Gapless album

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A gapless album is a type of album in which some or all of the tracks are intended to be heard seamlessly without any pause. Instead of individual tracks being separated by a brief moment of silence, tracks transition directly into the next track without a pause in the sound. Joining tracks this way can be done for a number of reasons, such as splitting a piece's movements into individual tracks, or to help the cohesion of a concept album.

Examples of gapless albums
Album Artist
The Dark Side of the Moon (1973) Pink Floyd
Wish You Were Here (1975) Pink Floyd
Animals (1977) Pink Floyd
The Wall (1979) Pink Floyd
The Final Cut (1983) Pink Floyd
American Idiot (2004) Green Day
Lateralus (2001) Tool
Good Kid, M.A.A.D City (2012) Kendrick Lamar
Viva la Vida or Death and All His Friends (2008) Coldplay
Mylo Xyloto (2011) Coldplay
Sgt. Pepper's Lonely Hearts Club Band (1967) The Beatles
Abbey Road (1969) The Beatles
The Beatles (White Album) (1968) The Beatles
Love (2006) The Beatles
Bookends (1968) Simon & Garfunkel
The E.N.D (2009) The Black Eyed Peas
2001 (1999) Dr. Dre
FutureSex/LoveSounds (2006) Justin Timberlake
Love Hate (2007) The-Dream
MCMXC a.D. (1990) Enigma

While gapless playback was relatively simple to achieve on traditional media formats, an early issue with computer-based formats such as MP3 was the lack of support for gapless playback, causing gapless albums to have short pauses in between each track. Beginning with the iTunes release of Madonna's Confessions on a Dance Floor, Apple attempted to fix this for their music players by releasing a version of the album where some tracks were merged into a single track to create the effect of gapless playback.[1] Apple adopted gapless playback and gapless album support wholesale with the release of iTunes 7.0 in late 2006, the latter to work with its cross-fade feature.[2] In 2007, Microsoft added gapless album support to its Zune client software.[3]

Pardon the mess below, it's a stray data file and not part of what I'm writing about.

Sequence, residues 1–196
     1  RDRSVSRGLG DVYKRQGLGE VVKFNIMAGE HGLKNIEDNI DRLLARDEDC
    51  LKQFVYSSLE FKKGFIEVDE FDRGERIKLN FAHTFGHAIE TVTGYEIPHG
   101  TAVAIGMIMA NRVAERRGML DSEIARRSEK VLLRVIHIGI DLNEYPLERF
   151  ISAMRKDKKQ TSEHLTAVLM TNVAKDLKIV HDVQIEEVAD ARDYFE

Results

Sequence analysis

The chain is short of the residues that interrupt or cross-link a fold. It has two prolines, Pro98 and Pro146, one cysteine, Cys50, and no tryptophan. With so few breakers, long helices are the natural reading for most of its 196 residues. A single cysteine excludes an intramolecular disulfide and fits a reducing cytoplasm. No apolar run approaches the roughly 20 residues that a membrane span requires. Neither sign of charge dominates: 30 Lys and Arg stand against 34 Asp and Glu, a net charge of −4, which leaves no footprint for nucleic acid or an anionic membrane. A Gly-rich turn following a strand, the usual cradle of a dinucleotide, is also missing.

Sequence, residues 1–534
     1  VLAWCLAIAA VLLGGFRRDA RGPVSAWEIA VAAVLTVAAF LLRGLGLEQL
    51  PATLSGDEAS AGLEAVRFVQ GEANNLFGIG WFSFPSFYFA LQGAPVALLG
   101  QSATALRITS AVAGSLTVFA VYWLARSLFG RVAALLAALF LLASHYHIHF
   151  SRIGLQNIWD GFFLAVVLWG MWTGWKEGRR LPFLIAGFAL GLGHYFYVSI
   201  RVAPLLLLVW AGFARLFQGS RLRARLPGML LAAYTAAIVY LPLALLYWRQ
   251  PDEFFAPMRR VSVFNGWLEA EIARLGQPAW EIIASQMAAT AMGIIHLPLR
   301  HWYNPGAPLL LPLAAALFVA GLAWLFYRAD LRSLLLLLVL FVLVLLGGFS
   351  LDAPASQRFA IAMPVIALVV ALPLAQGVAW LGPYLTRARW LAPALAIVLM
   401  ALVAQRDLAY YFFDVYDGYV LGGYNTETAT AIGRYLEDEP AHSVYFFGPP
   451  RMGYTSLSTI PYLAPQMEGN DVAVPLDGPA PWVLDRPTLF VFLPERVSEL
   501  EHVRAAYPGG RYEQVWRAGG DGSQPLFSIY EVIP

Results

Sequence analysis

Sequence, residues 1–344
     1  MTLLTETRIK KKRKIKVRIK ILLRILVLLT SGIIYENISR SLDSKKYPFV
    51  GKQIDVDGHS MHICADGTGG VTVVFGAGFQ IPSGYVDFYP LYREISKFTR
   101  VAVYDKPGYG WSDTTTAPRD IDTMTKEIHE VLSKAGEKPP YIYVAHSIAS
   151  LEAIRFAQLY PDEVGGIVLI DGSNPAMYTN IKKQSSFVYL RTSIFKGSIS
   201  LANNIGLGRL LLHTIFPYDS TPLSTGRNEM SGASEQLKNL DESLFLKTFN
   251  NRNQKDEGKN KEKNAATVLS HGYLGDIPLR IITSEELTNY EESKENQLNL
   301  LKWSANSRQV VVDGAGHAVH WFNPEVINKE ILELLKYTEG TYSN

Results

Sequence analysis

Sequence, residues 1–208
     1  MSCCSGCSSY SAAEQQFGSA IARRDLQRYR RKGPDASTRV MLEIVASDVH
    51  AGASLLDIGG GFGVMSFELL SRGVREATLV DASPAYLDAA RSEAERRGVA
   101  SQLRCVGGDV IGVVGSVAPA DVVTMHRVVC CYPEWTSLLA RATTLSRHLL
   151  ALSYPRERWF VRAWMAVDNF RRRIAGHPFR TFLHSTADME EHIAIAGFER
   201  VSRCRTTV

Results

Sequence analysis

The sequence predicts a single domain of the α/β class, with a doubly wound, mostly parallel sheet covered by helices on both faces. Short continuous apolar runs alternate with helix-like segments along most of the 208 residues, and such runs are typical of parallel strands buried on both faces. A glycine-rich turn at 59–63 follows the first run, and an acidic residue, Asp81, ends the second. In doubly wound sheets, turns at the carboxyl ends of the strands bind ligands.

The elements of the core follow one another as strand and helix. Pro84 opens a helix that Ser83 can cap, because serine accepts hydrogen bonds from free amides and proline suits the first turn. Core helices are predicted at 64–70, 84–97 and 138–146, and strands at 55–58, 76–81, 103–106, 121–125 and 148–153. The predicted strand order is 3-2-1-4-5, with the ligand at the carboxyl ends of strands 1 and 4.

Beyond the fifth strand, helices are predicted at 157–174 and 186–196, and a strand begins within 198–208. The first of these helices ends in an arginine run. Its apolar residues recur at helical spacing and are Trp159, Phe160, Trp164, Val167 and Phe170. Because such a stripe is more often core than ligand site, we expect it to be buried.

References[edit]

  1. ^ "Madonna and Apple experiment with gapless album: uninterrupted music.". Macworld. February 1, 2006. Retrieved 2008-11-29. 
  2. ^ McElhearn, Kirk (October 13, 2007). "iTunes Tags Demystified". Macworld. Retrieved 2008-11-29. 
  3. ^ McDougall, Paul (May 6, 2008). "Microsoft's Zune Store Adds South Park, Other TV Shows". InformationWeek. Retrieved 2008-11-29. 

See also[edit]